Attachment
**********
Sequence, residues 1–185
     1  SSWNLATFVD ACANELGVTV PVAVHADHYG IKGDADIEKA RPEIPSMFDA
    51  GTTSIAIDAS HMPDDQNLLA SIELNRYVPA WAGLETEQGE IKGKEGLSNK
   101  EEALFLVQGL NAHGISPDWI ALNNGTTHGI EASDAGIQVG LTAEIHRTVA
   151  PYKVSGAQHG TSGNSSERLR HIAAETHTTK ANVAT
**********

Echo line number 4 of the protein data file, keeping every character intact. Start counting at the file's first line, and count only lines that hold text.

   101  EEALFLVQGL NAHGISPDWI ALNNGTTHGI EASDAGIQVG LTAEIHRTVA